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By Nona Tepper
A car blew through the intersection of Thatcher and Hawthorne avenues at 2:05 a.m. of March 29, striking a house whose garage had been heavily damaged in a crash three days earlier.
"I can't believe it," said Joe O'Connor, whose property in the 300 block of Thatcher Avenue was damaged in both incidents.
In a statement, River Forest police said that officers attempted to pull a vehicle over for speeding on the 1500 block of Thatcher at about 2:01 a.m. on March 29. The Nissan Rogue refused to stop, traveled south on Thatcher Avenue at a high rate of speed and failed to navigate the T-intersection at Hawthorne Avenue.
The car jumped the curb and drove through a wood fence and the backyard of 355 Thatcher Ave. before striking a maple tree and flipping into the rear bay window of O'Connor's home at 351 Thatcher Ave.
"There's a lot of tow marks on the house from when they had to tow the car out of here," he said.
O'Connor said his wife, Joan, woke to the sound of the crash in the early morning, thinking a tree branch had fallen on their home. She walked from the bedroom downstairs and found a man and a woman fleeing the Nissan Rogue that was standing on its side behind her home.
"There is minor fracturing around the frame [of the bay window] but the glass is intact at the moment," O'Connor said.
Police found the female passenger of the vehicle at the O'Connor's property, and transported her to the hospital for treatment of injuries, according to the police statement. The male driver fled the scene on foot.
On social media, resident Dan Gill posted that police apprehended a man in connection with the incident. The man reportedly was hiding under Gill's car in the 300 block of Keystone Avenue at about 2:30 a.m. The man had previously been hiding under Gill's deck.
"We picked it up on our security camera and the police were there by the time I got downstairs," Gill posted. "They have been back searching for a possible weapon since 5 a.m."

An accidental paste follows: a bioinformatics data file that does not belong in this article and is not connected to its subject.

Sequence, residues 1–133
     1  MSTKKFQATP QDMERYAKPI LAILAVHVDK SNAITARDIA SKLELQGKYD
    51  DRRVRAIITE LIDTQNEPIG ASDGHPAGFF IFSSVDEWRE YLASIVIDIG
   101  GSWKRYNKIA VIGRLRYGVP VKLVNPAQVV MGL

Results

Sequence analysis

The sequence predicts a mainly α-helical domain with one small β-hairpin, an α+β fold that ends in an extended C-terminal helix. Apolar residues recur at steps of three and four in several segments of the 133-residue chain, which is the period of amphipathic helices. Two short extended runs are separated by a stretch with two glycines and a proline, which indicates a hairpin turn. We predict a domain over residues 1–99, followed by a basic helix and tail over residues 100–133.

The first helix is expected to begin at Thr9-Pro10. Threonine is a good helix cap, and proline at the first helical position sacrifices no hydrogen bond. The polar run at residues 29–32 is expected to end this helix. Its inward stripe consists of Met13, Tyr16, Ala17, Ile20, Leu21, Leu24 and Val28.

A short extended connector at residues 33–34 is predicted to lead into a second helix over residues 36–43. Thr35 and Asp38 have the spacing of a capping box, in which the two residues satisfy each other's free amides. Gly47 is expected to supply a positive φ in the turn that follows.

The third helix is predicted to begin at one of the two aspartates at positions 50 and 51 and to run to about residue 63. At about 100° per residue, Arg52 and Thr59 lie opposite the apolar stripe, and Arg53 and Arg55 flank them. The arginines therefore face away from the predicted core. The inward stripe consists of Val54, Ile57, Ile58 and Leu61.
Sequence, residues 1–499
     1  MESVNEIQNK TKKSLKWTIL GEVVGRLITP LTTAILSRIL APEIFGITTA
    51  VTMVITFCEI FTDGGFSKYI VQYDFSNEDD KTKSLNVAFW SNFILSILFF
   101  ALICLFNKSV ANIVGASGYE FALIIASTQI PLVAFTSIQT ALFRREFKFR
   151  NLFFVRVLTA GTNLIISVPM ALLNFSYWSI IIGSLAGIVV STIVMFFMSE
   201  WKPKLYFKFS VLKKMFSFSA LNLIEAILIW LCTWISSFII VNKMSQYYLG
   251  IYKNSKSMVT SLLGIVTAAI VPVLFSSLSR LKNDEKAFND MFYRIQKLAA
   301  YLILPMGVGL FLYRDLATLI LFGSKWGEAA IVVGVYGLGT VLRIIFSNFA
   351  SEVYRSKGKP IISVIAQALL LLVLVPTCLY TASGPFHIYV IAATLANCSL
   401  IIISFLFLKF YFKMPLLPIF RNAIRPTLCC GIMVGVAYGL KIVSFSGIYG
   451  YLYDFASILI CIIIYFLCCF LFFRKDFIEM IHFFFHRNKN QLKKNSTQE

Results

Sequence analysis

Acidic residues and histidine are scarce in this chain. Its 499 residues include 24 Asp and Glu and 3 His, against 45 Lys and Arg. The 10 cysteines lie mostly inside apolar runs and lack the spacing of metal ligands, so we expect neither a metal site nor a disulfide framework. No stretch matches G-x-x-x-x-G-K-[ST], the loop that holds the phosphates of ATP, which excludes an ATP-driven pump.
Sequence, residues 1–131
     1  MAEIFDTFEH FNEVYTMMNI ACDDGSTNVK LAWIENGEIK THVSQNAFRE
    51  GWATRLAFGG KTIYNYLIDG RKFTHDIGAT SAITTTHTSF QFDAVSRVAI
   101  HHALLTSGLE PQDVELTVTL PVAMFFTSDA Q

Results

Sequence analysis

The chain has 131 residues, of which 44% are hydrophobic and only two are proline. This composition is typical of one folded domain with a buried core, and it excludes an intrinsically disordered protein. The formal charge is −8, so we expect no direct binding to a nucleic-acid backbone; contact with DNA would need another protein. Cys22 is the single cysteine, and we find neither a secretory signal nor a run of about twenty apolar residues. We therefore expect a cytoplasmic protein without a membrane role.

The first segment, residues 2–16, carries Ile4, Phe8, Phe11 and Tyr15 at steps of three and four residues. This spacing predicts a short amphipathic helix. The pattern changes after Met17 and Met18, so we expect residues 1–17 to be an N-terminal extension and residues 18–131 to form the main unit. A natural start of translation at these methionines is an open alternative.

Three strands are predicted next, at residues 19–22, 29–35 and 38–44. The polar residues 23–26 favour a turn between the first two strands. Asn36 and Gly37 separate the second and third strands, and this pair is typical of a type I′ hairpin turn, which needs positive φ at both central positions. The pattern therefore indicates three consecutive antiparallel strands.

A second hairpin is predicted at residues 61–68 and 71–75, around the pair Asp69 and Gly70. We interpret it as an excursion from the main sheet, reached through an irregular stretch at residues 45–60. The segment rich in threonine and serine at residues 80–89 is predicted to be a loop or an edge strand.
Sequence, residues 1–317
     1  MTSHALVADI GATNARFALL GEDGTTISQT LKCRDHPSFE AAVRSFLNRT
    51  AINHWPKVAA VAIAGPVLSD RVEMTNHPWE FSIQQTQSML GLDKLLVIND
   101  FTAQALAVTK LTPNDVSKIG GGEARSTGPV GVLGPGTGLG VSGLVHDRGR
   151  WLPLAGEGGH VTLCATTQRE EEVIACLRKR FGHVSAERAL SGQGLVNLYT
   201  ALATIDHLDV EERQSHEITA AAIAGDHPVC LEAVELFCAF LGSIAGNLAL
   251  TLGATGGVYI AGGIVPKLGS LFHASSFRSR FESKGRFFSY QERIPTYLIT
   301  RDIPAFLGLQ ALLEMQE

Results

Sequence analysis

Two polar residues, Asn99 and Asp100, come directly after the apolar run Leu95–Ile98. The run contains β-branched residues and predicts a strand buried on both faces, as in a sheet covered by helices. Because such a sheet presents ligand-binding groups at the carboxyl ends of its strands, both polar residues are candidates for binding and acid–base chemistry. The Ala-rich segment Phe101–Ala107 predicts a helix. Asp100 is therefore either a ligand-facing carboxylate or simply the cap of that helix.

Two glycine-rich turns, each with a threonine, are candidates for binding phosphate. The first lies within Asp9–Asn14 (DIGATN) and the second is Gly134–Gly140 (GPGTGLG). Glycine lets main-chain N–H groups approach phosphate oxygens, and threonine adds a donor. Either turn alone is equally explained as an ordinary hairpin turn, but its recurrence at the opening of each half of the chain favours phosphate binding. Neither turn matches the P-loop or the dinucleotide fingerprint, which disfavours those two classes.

A Chicago man, 22, was taken into custody and transported to the hospital for treatment of unspecified injuries. Charges are pending.
"It is suspected that [he] was driving under the influence of alcohol and drugs," police said in a statement.
O'Connor said there should be anti-terrorist bollards -- which are waist-high concrete structures -- at the intersection to prevent vehicles traveling at a high rate of speed from going through his lawn or garage again.
"You can put stop signs, do all kinds of things, but anybody going at a high rate of speed is not going to stop at a stop sign," he said.
This is the second accident involving the same two properties in the last three days.
Police apprehended a 39-year-old Skokie man at about 1:50 a.m. on March 26 on the River Forest Metra platform, after he jumped the curb on Hawthorne Avenue and drove through the garages at 355 and 351 Thatcher Ave.
"It was definitely a horrific event. I don't think I've ever seen a vehicle pass through one garage and then completely enter a second and then destroy that and the two vehicles inside," Police Chief James O'Shea said.
In that incident, a Dodge Charger failed to again navigate the T-intersection, left the roadway and slammed into a frame garage on the south side of Hawthorne Avenue. The vehicle punched holes through both the north and the south walls of that garage and then barreled through the brick wall of O'Connor's garage immediately to the south, where it crashed into his two vehicles parked inside.
The Skokie man then fled the scene and ran up onto the Metra platform, where police eventually caught him. He was charged with reckless driving, driving under the influence of drugs, failure to reduce speed to avoid accident, failure to give information after striking property.
"Anytime you have an intersection at a street that curves or creates almost like a T, there is a need for increased awareness and definitely no distracted driving," O'Shea said. "There's no room for error in those circumstances."
Neighbor Marjorie Morningstar said nearby residents are "furious" over the two accidents.
"We're all very shook up. Maybe this will put a fire under people's butts to get some answers, not just of the village, but from the police," Morningstar said. "A lot of neighbors are furious. We think this is not a coincidence, that there is something going on that is causing people to accelerate at that intersection, some kind of criminal element."
She said these aren't the first crashes to happen at that intersection. Last summer, Morningstar remembers another car running through the intersection and knocking down a portion of the backyard fence of the house on the corner of Hawthorne and Thatcher.
Morningstar believes the village needs to install large yellow signs, a barricade or even speed bumps at the intersection to remind drivers to slow down.
In February, River Forest trustees approved a plan to add nearly 70 stop signs to village streets, although officials are waiting to hear back about a state grant before implementing changes.
"Maybe we just need more officers out there, considering we pay so much money in taxes," she said.
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